Centennial History of Licking County, Ohio: Read at the Centennial Celebration of the Licking Co. Agricultural Society ; at the "Old Fort," July 4th, 1876

Front Cover
Clark & Underwood, Printers, 1876 - Fourth of July celebrations - 80 pages
0 Reviews

What people are saying - Write a review

We haven't found any reviews in the usual places.

Selected pages

Other editions - View all

Common terms and phrases

Popular passages

Page 59 - Red Fox," and " Prairie Mule." The first named was a large gray horse, owned in Muskingum, I believe,, and was the winner. The " Red Fox " was a small sorrel horse and came in second best; and the " Prairie Mule," owned, I think, in Lancaster, was a small brown animal of nearly the same speed of the
Page 56 - Sword and Pistols" were one of the features of this notable day. There was also a great array of independent military companies, called volunteers, who also appeared in their best uniforms. Gen. Edward King of Chillicothe, and Gen. Sanderson, our very highly esteemed pioneer friend of Lancaster, who, at more than four-score years of age is still living, and whose interesting letter was read at our last meeting, were among the most conspicuous military commanders on that celebrated occasion.
Page 58 - ... crowd, who had, at some expense, and to -the neglect of their business and crops, at a very busy season of the year, gathered here in great force, from this and all the adjoining counties, to witness the death-agonies of a fellow being on the gallows, and they could not brook the idea of a disappointment! This is true only of the more brutal or rabble class of the spectators — the better portion were thrilled with joy at the manner of its termination. Farce just then was more to their taste...
Page 57 - Stanbery defended him with great zeal and ability, but he was nevertheless found guilty and sentenced to be hung. The gallows was erected — the grave dug — the coffin made — so was the shroud and the culprit put inside of it — the crowd collected from far and near — the military were marshaled in large numbers to prevent the escape or rescue of Peter, and to give eclat to the interesting occasion. The sermon was preached — the doctors were on hand to determine when...
Page 55 - ... condition that he should safely guide the footsore water-bound traveller along the winding track among the ponds, across the square to the residence of the father of the belated footman, who at that time domiciled at the south west corner of West Main and Fourth streets ! Who was that lad ? The most important event to Newark and to Licking County that transpired in the year 1825 was the celebration of the 4th of July, at the "Licking Summit," four miles south of Newark, on the Ohio Canal.
Page 56 - ... heard him, he acquitted himself splendidly. Gov. Clinton threw out the first shovel of earth, in the construction of the Ohio Canal, on that interesting occasion. He Vol. XX — 16. had been the projector of the Erie Canal, and had employed his great talents and influence to put the Empire State on the highway to prosperity and wealth by procuring the adoption of a liberal "Internal Improvement Policy.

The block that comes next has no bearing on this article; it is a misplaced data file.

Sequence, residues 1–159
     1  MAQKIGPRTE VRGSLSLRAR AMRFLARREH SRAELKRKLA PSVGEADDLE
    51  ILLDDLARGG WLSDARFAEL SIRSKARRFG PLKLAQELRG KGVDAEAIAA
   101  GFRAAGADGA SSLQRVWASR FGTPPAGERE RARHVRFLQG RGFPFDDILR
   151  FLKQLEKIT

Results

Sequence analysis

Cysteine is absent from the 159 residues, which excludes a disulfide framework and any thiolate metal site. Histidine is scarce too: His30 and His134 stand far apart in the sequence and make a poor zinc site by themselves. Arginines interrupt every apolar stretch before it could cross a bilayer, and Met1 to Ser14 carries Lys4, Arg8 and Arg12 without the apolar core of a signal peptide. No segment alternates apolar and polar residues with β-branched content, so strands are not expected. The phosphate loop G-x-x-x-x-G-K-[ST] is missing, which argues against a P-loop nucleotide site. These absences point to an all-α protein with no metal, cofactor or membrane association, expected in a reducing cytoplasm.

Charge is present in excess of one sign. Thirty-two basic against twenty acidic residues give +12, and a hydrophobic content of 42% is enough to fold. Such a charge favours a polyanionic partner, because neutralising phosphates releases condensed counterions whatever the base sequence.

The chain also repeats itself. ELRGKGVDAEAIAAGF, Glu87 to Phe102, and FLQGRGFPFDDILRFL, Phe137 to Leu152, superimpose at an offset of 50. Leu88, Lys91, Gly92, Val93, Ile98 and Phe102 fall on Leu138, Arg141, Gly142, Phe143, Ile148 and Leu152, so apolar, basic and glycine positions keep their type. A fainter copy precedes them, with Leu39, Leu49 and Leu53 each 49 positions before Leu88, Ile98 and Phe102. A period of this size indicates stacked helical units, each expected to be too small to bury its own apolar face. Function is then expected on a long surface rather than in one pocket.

Page 56 - Captains Merideth Darlington and Willard Warner, the former of Newark, the latter of Granville, commanded the local or home troops on the occasion. This was the heroic age of Ohio — the age of military glory. Hon. Thomas Ewing, then in the full enjoyment of his great intellectual powers, was the Orator of the day, and, in the judgment of the great crowd who heard him, he acquitted himself splendidly. Governor Clinton threw out the first shovel-full of earth, in the construction of the Ohio Canal,...
Page 59 - ... ignominious death hanging over him to the last moment ; but to stop short of the reality of a death strangling ! The horse-racing of 1825 was also an event of no small magnitude, in the estimation of many. The race-course was bounded on the North by the southern portion of the town ; on the South by the South Fork ; on the East by Fourth Street ; and on the West by the Raccoon. An immense crowd of people of all colors, sexes, and condition had collected. They came from adjacent counties, and...
Page 58 - ... the culprit into eternity, when lo ! and behold a dashing horseman, came rushing along, crying at the top of his voice that he had a message from the governor of the State of Ohio. This proved to be Isaac Cool, who knew well how to act such a part with a flourish. The commander of the troops cleared the track for him, when he. with due regard to style, passed the document with the great seal of the State of Ohio attached to the sheriff, which proved to be a respite or suspension of the sentence....
Page 57 - I attended a camp meeting held in Franklin Township, not far from the large Stone Mound, some eight miles from Newark. The meeting was held in a pleasant and somewhat romantic locality — near the western termination of the Flint Ridge. The weather was delightful — the preaching was good, and the surroundings and incidents of the meeting had a flavor of freshness and novelty about them that rendered the occasion one decidedly enjoyable. A slender, tall, erect, long-visaged, grave old man, with...

Bibliographic information